That’s how we’re addressing more advanced topics, to have enough time to address those topics but at the same time break them into manageable chunks of time. You could offer a full-day, eight=hour seminar, but there’s not many broadcast engineers who have that kind of time to sit in front of the computer.
Pecena: Certainly his announcement was a surprise; at the same time it was not a surprise. From the board aspect, we knew that John was going to be retiring soon, but when that announcement came at the first of this year, it still was a shock now that we had a date in front of us.
John has been the face of SBE for 28 years. A lot of growth has occurred over that time, from the office staff that keeps everything running, to the number of programs that are offered. It’s never enjoyable to lose someone with John’s tenure and experience and of course his dedication to the society.
Early in his career, when he came to SBE, he thought he’d probably be at SBE for five years and then move on to the next step up. And here we are 28 years later and he’s still with us.
We offer John sincere thanks and congratulations for his dedication to SBE and everything that he has done. I think it’s safe to say there’s not a program offered through SBE that does not have his personal touch on it in one way or the other. He’s a very engaged leader.
I suppose if you’re going to retire, there’s probably a good time to do that: when things are pretty good. Yes, we have some challenges that the industry presents and the COVID situation has presented. But we have a society that is in sound financial shape. We have successful programs. We have a dedicated and supportive staff that takes care of all of that day-to-day stuff.
If you’re going to say goodbye to 28 years, this is probably a good time to leave, at the top of things.
RW: How did the search go and what struck you about Jim Ragsdale?
Pecena: Our response from potential candidates was a little overwhelming; I personally had felt that if we got maybe 10 applications we’re going to be good, and we had pushing 30. So then we had a different challenge in front of us. How do we weed through this?
We had a dedicated committee led by Joe Snelson, a former SBE president and [who has experience in] the corporate environment. He did a really good job in leading that effort.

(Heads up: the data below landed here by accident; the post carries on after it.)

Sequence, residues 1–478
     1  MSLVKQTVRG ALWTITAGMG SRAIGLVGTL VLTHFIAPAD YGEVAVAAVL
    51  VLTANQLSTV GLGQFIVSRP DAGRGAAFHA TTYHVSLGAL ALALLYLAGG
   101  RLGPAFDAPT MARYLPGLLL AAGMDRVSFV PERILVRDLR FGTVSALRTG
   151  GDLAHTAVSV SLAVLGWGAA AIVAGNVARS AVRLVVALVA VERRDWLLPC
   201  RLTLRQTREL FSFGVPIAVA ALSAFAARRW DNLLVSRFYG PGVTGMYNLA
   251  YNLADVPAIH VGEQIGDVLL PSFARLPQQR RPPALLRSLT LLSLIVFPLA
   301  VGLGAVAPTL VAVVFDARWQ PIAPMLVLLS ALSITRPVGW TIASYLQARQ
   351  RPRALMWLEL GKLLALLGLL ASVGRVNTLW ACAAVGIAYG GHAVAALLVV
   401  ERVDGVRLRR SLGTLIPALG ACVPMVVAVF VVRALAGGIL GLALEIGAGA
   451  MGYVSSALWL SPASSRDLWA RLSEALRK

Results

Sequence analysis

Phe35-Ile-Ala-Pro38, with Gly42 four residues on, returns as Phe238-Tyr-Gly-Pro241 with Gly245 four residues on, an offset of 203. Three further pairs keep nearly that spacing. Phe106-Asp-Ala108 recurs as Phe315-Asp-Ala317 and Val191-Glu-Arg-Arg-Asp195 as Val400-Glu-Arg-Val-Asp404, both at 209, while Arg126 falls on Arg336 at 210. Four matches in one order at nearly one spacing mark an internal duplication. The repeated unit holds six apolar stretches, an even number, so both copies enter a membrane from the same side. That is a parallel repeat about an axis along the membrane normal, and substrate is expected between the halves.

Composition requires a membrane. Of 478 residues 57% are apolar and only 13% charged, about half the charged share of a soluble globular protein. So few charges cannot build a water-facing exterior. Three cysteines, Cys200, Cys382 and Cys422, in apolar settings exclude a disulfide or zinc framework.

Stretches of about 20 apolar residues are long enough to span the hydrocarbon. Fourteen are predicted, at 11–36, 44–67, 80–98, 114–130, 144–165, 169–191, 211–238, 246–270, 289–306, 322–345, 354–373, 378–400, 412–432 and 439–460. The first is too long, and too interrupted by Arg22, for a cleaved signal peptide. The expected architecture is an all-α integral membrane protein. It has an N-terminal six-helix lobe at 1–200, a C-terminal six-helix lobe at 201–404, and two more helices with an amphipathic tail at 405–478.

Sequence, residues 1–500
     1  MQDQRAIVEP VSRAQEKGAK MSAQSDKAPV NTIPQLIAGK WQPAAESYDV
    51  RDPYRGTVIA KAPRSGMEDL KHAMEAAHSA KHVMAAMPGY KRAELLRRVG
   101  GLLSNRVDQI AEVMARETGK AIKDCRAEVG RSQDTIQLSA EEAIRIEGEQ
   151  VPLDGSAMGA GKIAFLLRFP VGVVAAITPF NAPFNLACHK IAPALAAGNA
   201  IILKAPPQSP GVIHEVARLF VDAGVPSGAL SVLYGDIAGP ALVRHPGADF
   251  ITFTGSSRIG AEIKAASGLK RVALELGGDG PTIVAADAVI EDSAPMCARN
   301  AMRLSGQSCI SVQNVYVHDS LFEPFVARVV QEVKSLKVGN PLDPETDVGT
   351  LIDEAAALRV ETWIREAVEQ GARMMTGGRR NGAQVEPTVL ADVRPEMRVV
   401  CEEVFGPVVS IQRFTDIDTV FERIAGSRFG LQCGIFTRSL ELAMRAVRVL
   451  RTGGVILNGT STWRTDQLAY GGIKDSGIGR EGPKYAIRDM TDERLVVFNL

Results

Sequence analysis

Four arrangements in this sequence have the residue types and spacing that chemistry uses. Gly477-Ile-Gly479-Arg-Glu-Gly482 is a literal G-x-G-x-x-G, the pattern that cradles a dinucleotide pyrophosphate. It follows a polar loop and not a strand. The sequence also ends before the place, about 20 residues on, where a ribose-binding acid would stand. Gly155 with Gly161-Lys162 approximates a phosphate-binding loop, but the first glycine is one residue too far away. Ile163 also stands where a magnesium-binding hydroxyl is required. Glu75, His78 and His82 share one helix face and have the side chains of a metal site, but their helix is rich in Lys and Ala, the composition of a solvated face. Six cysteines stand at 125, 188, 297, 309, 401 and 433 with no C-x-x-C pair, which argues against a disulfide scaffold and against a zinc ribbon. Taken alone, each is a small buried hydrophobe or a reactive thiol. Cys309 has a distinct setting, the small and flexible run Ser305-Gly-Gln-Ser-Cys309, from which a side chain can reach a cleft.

We boiled things down to three candidates and engaged in face-to-face interviews in Indianapolis. The three candidates were uniquely different but all viable for the position.
Jim was chosen unanimously by the committee. He did his homework on the SBE. He brought the best perspective of looking ahead. Granted, he was from outside the industry, but at the same time, he had ties to the broadcast industry through family members who were engaged in broadcasting for many years, and he brought solid financial management strengths, particularly in a nonprofit environment, as well as solid reference evaluations from previous roles.
Everyone felt he was that right fit for SBE.
RW: What should we look for from SBE in coming months?
Pecena: I think we step back and take a new breath and give Jim Ragsdale a time to get acclimated. We have several new programs that are launching, I don’t want to remotely suggest we’re just going to stop doing things; but give Jim an opportunity to get up to speed, making his own evaluations. He brings a solid financial background and [can make] his own assessments with that.
And this is strictly a personal feeling, but we probably need to revisit our strategic planning efforts. In our last event about three years ago, we came up with a plan, and many of the aspects of that plan have been implemented. You’ve noticed the new website, for instance; the need for that was identified in that strategic plan.
What was also identified but frankly has not happened has been some of our expanded outreach activities engaging in other related organization’s activities — whether it’s a state broadcast conference or local chapter events. Of course with the COVID situation, that kind of stuff went away.